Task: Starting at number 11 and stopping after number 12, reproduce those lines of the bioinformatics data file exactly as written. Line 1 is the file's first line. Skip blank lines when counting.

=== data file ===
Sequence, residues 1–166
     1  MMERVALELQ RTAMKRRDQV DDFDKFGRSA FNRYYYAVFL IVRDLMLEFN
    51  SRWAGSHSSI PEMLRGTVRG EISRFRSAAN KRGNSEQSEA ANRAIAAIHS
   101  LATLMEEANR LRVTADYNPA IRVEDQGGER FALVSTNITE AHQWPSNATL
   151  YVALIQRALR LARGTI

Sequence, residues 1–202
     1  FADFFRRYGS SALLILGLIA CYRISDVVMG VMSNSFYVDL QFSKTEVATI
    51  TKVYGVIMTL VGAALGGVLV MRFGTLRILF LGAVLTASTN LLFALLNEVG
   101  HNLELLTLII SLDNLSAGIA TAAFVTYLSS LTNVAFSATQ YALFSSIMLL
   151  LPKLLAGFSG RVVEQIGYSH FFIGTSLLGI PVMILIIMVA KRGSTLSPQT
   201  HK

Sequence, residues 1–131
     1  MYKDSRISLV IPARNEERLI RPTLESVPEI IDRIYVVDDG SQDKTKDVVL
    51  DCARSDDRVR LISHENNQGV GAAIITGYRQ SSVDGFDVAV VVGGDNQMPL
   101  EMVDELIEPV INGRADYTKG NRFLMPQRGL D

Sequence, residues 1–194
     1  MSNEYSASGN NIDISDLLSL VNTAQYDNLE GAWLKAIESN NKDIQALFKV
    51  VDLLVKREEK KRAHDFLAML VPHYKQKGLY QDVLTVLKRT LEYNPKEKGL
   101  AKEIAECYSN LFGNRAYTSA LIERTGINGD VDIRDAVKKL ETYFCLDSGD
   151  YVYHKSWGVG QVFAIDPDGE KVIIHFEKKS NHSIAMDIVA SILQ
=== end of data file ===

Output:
   201  HK

Sequence, residues 1–131